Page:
The amazement over the red-hot start for Dallas just continues.
Defying so many of those pre-September predictions from the punditry, Dak Prescott and the Dallas Cowboys have followed a one-point loss in their opener with seven straight victories. This, of course, with an all-rookie backfield of Prescott and Ezekiel Elliott performing well beyond their years.
''We're so dynamic it's crazy,'' said two-time Pro Bowl wide receiver Dez Bryant, whose three-game absence due to a knee injury went largely unnoticed.
That's partly because of the polish and poise displayed by Prescott, the fourth-round draft pick from Mississippi State thrust into action when Tony Romo hurt his back during the preseason. The other significant factor in the first-half surge by the Cowboys, as sure a sign as any that it's sustainable, is the success Elliott has had carrying the ball behind that dominant offensive line built by three former first-round draft picks.
Many are still pushing the narrative that Dez Bryant is a problem in the locker room. Don't believe them.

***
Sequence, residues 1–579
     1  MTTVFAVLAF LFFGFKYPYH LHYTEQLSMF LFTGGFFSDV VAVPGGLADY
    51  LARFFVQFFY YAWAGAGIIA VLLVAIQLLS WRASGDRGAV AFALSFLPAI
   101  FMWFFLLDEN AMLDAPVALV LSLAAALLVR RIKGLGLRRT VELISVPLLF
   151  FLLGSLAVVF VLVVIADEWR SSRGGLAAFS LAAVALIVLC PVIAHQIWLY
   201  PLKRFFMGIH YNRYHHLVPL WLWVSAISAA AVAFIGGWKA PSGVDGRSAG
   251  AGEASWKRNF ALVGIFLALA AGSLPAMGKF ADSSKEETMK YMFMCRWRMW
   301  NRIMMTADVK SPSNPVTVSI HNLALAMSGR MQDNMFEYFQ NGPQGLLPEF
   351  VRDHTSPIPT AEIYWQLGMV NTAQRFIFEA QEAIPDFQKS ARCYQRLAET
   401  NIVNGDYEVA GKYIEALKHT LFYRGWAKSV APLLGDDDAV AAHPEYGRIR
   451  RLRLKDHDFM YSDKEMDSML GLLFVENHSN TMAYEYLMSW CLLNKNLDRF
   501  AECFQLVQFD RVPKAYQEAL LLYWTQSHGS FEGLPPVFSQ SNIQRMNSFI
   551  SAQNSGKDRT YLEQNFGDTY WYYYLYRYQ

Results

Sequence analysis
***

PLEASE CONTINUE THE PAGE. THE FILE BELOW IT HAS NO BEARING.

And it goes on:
Bryant has been anything but a distraction. He's said week after week in the locker room how he cares only about winning, and if the catches and touchdowns are a part of that, great. But if not, so be it.
Bryant has gone out of his way to emphasize how close this year's team is and how everyone is playing for each other like never before.
"At the end of the day, we're chasing something," Bryant said after Sunday's win at Cleveland. "It's not a one-man show."
There appear to be some issues for the Pittsburgh Steelers, as RB Le'Veon Bell is just the latest player to openly criticize the way the team is practicing.
Not only was Le'Veon Bell taking a cut at the coaching staff and how they handle practice, but also the players on the football team. No, I'm not suggesting Bell is going rogue and undercutting those who are in charge from both a leadership and coaching standpoint, rather he is shining a light on one of the main issues, he feels, surrounding the team as they hit the midway point of the season.
When I thought about it more, I realized this is the second player to criticize Mike Tomlin's practices in the past month, after Ben Roethlisberger claimed the team was having too many physical practices, and Ben Roethlisberger and Le'Veon Bell making these claims is far from Cobi Hamilton and L.T. Walton, if you know what I mean.